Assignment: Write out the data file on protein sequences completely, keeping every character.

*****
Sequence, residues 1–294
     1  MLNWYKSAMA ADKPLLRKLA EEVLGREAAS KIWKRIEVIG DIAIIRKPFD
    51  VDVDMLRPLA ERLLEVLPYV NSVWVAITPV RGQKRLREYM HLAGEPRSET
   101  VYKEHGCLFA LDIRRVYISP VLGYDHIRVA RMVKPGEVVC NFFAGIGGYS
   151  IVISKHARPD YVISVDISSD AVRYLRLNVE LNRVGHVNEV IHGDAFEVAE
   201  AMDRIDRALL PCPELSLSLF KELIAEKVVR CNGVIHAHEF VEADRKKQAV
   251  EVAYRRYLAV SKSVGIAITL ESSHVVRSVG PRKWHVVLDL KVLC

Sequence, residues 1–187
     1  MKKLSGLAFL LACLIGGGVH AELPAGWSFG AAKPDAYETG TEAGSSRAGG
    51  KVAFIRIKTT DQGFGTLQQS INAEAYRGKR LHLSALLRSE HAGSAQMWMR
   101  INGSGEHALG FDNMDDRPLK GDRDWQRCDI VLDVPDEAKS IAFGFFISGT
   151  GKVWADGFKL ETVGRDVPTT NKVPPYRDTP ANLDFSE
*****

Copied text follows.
Sequence, residues 1–294
     1  MLNWYKSAMA ADKPLLRKLA EEVLGREAAS KIWKRIEVIG DIAIIRKPFD
    51  VDVDMLRPLA ERLLEVLPYV NSVWVAITPV RGQKRLREYM HLAGEPRSET
   101  VYKEHGCLFA LDIRRVYISP VLGYDHIRVA RMVKPGEVVC NFFAGIGGYS
   151  IVISKHARPD YVISVDISSD AVRYLRLNVE LNRVGHVNEV IHGDAFEVAE
   201  AMDRIDRALL PCPELSLSLF KELIAEKVVR CNGVIHAHEF VEADRKKQAV
   251  EVAYRRYLAV SKSVGIAITL ESSHVVRSVG PRKWHVVLDL KVLC

Sequence, residues 1–187
     1  MKKLSGLAFL LACLIGGGVH AELPAGWSFG AAKPDAYETG TEAGSSRAGG
    51  KVAFIRIKTT DQGFGTLQQS INAEAYRGKR LHLSALLRSE HAGSAQMWMR
   101  INGSGEHALG FDNMDDRPLK GDRDWQRCDI VLDVPDEAKS IAFGFFISGT
   151  GKVWADGFKL ETVGRDVPTT NKVPPYRDTP ANLDFSE